- More than 50 suppliers participated in Kroger’s second Natural Foods Innovation Summit last week, according to a news release. This is up from more than 40 who came to the first summit in October. The event was conducted in partnership with Kroger’s shopper insights and data analytics arm, 84.51°.
- Among the categories represented were snacks, beverages, yogurts, vitamins and supplements, and protein bars and powders. Kroger, which like many other grocers emphasizes local sourcing, said the suppliers represented different regions of the U.S.
- These summits, along with Kroger's new online portal that allows suppliers to directly apply to company buyers, are seen by many as a response to Whole Foods' recent sourcing revisions. That company, now owned by Amazon, has focused more of its buying out of its Austin, Texas headquarters, and according to reports, has begun increasing merchandising fees and cutting ties with many local and regional manufacturers.
Any retail buyer will affirm that new products are the lifeblood of category growth. And while major brands have dominated store shelves for years, research shows emerging suppliers are driving growth in the industry across categories. Between 2011 and 2015, according to IRI data, large companies dropped more than $18 billion in sales.
Locally sourced products, meanwhile, continue to be in high demand. Packaged Facts estimated that local food sales grew from $5 billion to $12 billion between 2008 and 2014. They are projected to hit $20 billion by next year. That drives retail executives to major trade shows, and prompts big retail organizations like Kroger to hold events such as its semi-annual Natural Foods Innovation Summit.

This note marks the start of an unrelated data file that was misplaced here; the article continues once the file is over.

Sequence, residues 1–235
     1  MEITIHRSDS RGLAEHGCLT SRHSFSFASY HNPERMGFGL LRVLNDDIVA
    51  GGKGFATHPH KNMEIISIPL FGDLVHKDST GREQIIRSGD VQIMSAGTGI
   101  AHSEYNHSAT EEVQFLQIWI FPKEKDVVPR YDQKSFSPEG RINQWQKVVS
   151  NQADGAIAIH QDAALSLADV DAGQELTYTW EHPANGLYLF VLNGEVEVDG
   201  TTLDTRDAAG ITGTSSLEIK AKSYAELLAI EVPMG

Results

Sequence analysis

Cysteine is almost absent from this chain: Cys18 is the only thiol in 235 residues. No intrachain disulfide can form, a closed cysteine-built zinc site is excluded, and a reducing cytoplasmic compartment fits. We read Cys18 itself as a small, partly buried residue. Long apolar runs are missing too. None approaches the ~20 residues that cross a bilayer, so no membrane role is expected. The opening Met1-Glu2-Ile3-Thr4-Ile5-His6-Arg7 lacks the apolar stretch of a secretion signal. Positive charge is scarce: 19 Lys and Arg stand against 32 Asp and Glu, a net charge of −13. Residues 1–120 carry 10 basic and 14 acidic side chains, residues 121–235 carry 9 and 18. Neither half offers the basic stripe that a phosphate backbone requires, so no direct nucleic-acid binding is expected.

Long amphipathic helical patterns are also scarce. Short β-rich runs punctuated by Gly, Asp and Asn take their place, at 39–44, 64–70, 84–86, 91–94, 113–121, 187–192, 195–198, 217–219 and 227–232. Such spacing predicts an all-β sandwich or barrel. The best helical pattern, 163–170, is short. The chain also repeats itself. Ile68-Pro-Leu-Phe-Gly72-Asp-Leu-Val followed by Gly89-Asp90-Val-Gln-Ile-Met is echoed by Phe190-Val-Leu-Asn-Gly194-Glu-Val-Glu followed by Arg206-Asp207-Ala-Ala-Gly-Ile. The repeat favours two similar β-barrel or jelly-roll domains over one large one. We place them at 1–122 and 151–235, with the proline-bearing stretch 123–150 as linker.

Not only is this a business opportunity for Kroger — it's a pointed response to one of its fiercest competitors. Last week, the Wall Street Journal reported that Amazon-owned Whole Foods is increasing the fee companies pay for placement in high-traffic areas with prominent visibility by $25,000, and asking for bigger discounts to get that space. It has also mandated that vendors with more than $300,000 in annual sales discount their products 3% for groceries and 5% for health and beauty.
These changes were planned before Amazon acquired the specialty grocer, but they are very much in keeping with the e-tailer's focus on streamlining operations. Certainly, Whole Foods needed to bring down its cost of doing business, and some natural and organic companies told the Wall Street Journal that the changes have made merchandising and in-store demos more organized and efficient.
But could driving out niche suppliers ultimately hurt Whole Foods? The specialty grocer made its name by offering hard-to-find products, and charging a premium for them. These products made operations expensive for Whole Foods, but they also differentiated the company in a very crowded market. Will Amazon be able to maintain Whole Foods' appeal with new and existing customers as it makes the grocer a more nimble, tech-focused competitor? Some observers have their doubts, though others point to Amazon's ability to revolutionize grocery e-commerce as its true differentiator. Last week, the e-commerce giant began offering home delivery from Whole Foods stores in four major markets.
Suppliers that have recently lost contracts with Whole Foods aren't happy, and they're taking their products to Kroger and other competitors. Kroger is welcoming them with open arms. As Robert Clark, senior vice president of merchandising, told Journal, “We definitely don’t have a fee menu that would be a barrier to entry.”